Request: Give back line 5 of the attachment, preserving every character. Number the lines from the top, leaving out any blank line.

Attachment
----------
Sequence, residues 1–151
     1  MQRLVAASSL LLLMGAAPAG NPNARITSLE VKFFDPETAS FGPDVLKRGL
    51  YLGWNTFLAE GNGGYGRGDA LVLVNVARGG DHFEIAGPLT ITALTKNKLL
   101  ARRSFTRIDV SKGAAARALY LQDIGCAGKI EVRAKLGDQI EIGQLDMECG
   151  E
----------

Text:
   151  E